We Value our Volunteers: Meet Sharon and Iva Rose

Posted by The Goodman Group on May 15, 2019 9:00:00 AM

Iva Rose

If you ever wondered about the benefits of volunteering, you can learn a lot from 92-year-old Iva Rose and 72-year-old Sharon, two lifelong volunteers with a shared set of values.

"It’s really nice to do something without any expectations of repayment," Sharon explains. "My reward is so internal."

Iva Rose – "It Makes Me Feel Good to Help"

Iva Rose has been helping the staff ever since she moved to Riverside Health & Rehabilitation (Riverside) in Missoula, Montana, four years ago. "I had my right hip, right knee, and left knee replaced," she says. "I couldn’t live at home anymore, so I made up my mind that this was going to be my home."

She started by volunteering to help with the community newsletter. "I did collating for various nonprofit organizations for years," she says. "When I came here, I told them I used to do that kind of work. I could help put out the newsletter."

Iva Rose folds, tapes and labels the newsletters.  She also assists with the invitations for special events, such as formal dinners.

"The staff is very impressed with her," says Tammy, the activities director at Riverside. "I keep a volunteer file, and she has volunteered over 150 hours."

"It makes me feel good to help," says Iva Rose, who started volunteering for her church many decades ago and just kept adding organizations along the way. "The Humane Society, Meals on Wheels, the University of Montana, Missoula Youth Homes and Camp Make a Dream," she says. She was also a foster grandparent, and has done volunteer work for Missoula Aging Services for the past 31 years.

Iva Rose never married or learned to drive, so she always walked, rode a bike or took the bus to volunteer. "I was never one for crowds," she says, "but I just wanted to get out."

She has been rewarded for all of her hard work with two volunteer awards from the United Way and two more from Missoula Aging Services, but the real reward may be best measured in all of the friendships she developed.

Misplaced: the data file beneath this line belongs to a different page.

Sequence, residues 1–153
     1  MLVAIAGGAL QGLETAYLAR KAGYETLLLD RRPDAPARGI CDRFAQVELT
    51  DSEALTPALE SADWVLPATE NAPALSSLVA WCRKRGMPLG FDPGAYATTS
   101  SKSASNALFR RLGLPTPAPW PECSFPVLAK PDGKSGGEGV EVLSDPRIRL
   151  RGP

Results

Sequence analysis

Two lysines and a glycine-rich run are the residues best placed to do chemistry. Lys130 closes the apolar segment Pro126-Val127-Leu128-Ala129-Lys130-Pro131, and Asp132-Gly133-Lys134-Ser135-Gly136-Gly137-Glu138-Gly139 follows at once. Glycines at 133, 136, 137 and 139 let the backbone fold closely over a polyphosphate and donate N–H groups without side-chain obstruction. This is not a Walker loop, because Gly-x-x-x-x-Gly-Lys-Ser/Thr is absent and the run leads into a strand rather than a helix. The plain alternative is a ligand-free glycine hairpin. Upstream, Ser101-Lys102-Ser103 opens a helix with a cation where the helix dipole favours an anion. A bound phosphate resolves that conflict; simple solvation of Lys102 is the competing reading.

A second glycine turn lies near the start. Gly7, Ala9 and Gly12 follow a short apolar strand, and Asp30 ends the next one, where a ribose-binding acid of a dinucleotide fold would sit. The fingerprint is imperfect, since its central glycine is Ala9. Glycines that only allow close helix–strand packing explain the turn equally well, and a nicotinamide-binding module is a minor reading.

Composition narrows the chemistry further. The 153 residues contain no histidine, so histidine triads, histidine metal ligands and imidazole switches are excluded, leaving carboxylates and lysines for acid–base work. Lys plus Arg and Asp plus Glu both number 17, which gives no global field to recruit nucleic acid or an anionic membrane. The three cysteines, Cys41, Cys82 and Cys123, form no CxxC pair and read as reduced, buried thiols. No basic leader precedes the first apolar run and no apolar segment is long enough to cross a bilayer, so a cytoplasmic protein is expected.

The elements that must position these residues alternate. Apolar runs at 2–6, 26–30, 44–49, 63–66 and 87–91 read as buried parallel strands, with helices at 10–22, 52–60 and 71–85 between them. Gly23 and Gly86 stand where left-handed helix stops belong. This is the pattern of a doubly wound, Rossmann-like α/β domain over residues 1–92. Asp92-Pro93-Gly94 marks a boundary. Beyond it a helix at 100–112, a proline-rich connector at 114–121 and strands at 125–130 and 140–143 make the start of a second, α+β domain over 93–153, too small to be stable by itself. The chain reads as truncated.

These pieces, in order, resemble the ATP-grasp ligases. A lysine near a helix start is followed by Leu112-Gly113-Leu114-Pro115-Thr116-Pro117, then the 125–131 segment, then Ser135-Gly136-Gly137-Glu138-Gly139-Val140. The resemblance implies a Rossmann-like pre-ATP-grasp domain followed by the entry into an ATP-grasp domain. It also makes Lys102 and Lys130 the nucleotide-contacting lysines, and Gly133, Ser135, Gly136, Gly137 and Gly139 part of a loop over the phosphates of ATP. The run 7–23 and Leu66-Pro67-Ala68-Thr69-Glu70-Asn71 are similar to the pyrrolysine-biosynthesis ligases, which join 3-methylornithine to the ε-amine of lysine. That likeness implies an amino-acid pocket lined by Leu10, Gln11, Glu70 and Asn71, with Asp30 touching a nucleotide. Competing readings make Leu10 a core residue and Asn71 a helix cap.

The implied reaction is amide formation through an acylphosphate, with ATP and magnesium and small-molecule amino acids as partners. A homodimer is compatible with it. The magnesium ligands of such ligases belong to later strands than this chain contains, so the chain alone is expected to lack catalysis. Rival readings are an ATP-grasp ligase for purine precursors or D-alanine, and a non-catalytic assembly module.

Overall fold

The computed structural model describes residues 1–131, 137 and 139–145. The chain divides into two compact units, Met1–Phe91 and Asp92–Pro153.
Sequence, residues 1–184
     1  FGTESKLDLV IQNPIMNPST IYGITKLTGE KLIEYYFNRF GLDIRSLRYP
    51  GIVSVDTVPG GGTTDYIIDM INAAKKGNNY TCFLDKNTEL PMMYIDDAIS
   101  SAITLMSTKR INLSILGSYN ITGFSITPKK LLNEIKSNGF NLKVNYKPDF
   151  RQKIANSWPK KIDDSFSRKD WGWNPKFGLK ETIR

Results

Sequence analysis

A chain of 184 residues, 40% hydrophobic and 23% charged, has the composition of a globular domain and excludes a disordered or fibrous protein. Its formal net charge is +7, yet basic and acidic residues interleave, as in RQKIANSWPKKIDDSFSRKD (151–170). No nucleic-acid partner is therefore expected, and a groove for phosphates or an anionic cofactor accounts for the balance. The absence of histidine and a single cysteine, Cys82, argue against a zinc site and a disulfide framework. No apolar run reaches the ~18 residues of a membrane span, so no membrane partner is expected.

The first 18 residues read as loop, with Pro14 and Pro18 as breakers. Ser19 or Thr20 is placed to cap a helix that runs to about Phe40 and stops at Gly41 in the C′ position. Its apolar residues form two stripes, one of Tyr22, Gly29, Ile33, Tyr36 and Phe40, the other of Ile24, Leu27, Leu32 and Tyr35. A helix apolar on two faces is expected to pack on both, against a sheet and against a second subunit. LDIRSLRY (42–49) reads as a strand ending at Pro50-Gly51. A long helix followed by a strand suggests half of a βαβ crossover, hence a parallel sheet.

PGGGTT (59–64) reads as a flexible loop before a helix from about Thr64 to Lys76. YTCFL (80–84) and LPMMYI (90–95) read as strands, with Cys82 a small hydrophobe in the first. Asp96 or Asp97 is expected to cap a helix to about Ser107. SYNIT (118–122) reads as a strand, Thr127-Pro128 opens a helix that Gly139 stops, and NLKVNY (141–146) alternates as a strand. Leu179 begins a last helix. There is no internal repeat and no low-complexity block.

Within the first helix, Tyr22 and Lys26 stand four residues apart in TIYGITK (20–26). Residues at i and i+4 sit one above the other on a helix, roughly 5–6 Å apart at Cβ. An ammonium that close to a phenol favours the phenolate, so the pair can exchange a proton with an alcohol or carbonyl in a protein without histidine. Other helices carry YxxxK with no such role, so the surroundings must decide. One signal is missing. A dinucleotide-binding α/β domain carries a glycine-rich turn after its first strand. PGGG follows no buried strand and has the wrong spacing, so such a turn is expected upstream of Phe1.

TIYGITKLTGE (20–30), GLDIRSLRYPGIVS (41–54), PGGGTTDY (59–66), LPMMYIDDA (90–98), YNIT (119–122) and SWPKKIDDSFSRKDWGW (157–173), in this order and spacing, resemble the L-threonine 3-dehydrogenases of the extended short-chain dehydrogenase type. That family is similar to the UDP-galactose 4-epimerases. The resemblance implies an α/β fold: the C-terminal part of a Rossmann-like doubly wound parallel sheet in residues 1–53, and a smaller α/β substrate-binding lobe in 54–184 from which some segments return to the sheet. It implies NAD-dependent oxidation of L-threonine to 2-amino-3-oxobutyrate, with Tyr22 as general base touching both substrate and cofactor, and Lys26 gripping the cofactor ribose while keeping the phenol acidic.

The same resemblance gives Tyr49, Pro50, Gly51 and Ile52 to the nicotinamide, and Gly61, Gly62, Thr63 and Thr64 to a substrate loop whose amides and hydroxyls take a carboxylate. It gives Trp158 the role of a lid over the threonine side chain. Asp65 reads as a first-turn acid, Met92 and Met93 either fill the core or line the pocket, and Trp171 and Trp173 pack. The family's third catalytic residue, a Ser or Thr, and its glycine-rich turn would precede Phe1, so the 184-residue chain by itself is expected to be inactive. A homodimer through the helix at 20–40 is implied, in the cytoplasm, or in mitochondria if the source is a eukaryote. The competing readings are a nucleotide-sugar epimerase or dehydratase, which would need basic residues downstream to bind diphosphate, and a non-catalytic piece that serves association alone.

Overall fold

"She's just friends with so many people in our community," says Tammy. "They threw a 90th birthday party for her almost three years ago, and they filled our dining room."

Sharon – "It's 40 Hours of Love" 

Although she has been a volunteer all her life, Sharon says her schedule really amped-up after she retired.

Sharon-1"Retirement hit me like a brick wall," she says. Her husband passed away shortly after she retired and devoted extra time to helping her mother, who lived at Miramont Pointe, a senior living community in Clackamas, Oregon. When her mother passed away at 96, Sharon didn't stop coming to Miramont Pointe. Instead, she increased her volunteer efforts.

"I thought 'what am I going to do when I grow up?' I don't want to just kill time. I want to do something that contributes to the community."

Now, she is busy volunteering almost every day of the week. "On Fridays, I go to Miramont Pointe and host a trivia game that lasts an hour. On Saturdays, I am the caller for the Bingo game for the ladies there. On Tuesdays, I volunteer for a half-day in the pediatric intensive care unit at OHSU (Oregon Health & Sciences University). And on Wednesdays, my daughter is a first-grade teacher, so I help her with the little ones." 

Sharon also volunteers at her church pantry for the needy. Yet when asked about a schedule that sounds as busy as a full-time job, she quickly replies, "It's not a 40-hour a week job. It's 40 hours of love."

New Call-to-actionBoth of Sharon's aunts lived at Miramont Pointe before her mother, so she always felt comfortable in the community. "They offer so many things, and that really influenced my decision to volunteer. They really try to make people's lives absolutely the best that they can. There really is a place for everybody and something for everybody to do."

For her part, all of the volunteering keeps Sharon busy, yet she downplays her efforts. Since she lives less than five miles from Miramonte Point, Sharon claims her volunteer work is almost as convenient as it is rewarding. 

"I feel very grateful for the opportunity to possibly help somebody who needs help," she says. "I feel like I’ve been blessed all my life, and I just want to give back."

Topics: Senior Living Communities, Caregiving

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